• [10] C. Steele, Archaeology and the forensic investigation of recent mass graves: ethical issues for a new practice of archaeology. Archaeologies: J. Wor. Arch. Cong. 4 (2008) 414-428.
    • [11] M. Cox, A. Flavel, I. Hanson, J. Laver, R. Wessling (Eds.) The Scientific Investigation of Mass Graves: Towards Protocols and Standard Operating Procedures, Cambridge University Press, Cambridge, 2007.
    • [12] H. Tuller, M. Duric, Keeping the pieces together: comparison of mass grave excavation methodology, J. For. Sci. 156 (2006) 192-200.
    • [13] M. Skinner, J. Sterenberg, Turf wars: authority and responsibility for the investigation of mass graves, For. Sci. Int. 151 (2005) 221-232.
    • [14] M. Skinner, D. Alemppijevic, M. Djuric-Srejic, Guidelines for the international forensic bioarchaeology monitors of mass grave exhumations, For. Sci. Int.134 (2003) 81-92.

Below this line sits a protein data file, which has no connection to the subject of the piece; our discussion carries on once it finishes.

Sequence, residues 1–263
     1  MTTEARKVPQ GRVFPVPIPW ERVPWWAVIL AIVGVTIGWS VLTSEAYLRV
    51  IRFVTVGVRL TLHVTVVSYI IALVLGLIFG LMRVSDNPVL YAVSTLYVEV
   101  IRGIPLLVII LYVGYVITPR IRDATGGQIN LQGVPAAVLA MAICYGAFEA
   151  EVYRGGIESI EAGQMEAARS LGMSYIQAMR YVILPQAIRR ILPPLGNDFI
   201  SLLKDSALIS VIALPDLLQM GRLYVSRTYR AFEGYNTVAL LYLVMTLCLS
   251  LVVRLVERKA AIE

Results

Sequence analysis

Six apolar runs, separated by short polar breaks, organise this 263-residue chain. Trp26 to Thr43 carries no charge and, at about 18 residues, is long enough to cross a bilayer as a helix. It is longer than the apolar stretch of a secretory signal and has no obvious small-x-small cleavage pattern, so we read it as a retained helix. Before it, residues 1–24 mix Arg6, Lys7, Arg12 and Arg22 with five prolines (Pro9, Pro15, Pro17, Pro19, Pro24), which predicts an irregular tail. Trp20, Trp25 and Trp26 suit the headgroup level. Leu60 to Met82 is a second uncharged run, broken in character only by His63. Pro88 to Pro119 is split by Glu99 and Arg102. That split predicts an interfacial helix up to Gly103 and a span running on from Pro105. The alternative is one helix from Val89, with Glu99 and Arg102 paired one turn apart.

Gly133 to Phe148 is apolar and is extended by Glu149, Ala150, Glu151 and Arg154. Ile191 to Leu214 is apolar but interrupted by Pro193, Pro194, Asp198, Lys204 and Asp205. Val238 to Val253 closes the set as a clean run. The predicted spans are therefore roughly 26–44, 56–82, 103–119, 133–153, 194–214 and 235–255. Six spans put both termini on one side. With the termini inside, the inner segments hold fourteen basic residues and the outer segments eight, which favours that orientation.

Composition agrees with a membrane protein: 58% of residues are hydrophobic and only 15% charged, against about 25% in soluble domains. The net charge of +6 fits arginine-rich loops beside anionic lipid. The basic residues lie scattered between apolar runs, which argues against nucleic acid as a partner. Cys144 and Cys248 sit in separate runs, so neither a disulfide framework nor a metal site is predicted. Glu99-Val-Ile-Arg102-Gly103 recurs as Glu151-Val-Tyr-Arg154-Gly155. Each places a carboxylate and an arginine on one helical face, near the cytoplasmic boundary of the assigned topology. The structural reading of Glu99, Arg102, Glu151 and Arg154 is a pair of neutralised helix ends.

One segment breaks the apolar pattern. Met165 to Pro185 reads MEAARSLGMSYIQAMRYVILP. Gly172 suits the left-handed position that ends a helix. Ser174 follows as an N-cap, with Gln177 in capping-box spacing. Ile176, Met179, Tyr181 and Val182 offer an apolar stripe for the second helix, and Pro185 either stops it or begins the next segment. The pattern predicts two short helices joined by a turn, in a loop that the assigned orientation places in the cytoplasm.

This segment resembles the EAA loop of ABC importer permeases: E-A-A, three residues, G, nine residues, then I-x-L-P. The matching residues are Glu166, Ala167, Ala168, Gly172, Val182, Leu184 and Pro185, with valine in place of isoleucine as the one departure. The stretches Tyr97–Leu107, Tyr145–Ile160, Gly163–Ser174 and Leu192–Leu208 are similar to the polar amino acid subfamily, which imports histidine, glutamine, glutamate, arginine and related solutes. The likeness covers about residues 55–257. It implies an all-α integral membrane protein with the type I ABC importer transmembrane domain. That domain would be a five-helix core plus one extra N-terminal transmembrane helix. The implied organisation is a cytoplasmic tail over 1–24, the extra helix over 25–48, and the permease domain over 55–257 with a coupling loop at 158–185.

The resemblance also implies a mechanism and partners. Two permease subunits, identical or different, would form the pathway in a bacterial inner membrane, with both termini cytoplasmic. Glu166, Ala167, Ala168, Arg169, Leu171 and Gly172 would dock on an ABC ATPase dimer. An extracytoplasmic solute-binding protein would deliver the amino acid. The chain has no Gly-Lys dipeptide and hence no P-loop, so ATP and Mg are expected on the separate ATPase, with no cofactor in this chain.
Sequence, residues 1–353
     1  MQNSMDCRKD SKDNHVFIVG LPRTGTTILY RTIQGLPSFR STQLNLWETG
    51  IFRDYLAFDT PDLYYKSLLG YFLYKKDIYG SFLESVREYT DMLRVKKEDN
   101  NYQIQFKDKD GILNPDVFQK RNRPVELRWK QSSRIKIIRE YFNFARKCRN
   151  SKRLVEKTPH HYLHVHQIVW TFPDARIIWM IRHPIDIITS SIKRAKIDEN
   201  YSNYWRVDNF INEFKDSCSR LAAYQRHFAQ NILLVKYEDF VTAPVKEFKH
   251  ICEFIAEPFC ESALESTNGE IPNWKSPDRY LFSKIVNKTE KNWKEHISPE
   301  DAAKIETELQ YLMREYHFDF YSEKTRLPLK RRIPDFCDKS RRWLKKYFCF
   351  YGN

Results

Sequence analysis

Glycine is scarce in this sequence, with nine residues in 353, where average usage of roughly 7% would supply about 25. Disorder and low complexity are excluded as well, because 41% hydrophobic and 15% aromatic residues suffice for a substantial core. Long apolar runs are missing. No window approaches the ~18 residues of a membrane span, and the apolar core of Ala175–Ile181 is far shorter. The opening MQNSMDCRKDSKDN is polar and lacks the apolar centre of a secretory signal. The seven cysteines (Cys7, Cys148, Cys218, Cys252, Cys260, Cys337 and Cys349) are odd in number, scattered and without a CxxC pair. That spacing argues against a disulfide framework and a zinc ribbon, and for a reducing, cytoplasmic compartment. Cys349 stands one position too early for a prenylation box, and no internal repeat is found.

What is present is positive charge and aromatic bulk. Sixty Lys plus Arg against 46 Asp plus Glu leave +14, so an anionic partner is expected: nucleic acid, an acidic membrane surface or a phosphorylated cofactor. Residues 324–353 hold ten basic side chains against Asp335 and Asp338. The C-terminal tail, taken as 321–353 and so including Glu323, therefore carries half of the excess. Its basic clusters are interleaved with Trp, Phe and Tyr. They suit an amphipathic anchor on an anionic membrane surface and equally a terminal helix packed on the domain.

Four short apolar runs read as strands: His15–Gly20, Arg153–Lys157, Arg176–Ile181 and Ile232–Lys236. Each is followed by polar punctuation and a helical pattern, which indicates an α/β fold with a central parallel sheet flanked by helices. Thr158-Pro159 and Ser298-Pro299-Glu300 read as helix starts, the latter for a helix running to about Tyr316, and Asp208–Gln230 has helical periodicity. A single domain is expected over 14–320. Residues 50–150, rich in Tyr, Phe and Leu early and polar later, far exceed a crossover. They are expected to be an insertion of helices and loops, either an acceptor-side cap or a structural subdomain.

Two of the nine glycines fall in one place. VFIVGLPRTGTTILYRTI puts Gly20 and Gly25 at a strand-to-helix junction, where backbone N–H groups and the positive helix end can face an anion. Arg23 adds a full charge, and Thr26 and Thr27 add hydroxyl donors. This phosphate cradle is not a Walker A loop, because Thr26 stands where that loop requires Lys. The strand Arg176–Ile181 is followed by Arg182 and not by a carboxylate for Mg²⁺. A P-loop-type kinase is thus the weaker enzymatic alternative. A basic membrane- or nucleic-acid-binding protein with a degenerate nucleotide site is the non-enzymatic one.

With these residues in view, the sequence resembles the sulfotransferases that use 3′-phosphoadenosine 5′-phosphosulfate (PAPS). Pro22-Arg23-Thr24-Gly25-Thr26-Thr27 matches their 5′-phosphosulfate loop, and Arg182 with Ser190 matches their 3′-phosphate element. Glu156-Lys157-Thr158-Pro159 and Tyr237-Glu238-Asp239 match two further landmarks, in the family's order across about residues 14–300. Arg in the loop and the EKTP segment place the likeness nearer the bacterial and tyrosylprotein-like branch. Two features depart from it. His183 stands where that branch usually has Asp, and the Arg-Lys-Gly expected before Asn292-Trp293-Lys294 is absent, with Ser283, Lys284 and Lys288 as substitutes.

• [15] M. Megyesi, S. Nawrocki, N. Haskell, Using accumulated degree days to estimate the postmortem interval from decomposed human remains, J. Forensic Sci. 50 (2005) pp. 618- 626.
    • [16] A. Vass, W. Bass, J. Wolt, J. Foss, J. Ammons, Time since death determinations of human cadavers using soil solution, J. For. Sci. 37 (1992) 1236-1253.
    • [17] J. Bachmann, T. Simmons, The influence of pre-burial insect access on the decomposition rate, J. For. Sci. 55 (2010) 893-900.
    • [18] T. Simmons, P. Cross, R. Adlam, C. Moffatt, The influence of insects on decomposition rate in buried and surface remains, J. For. Sci. 55 (2010) 889-892.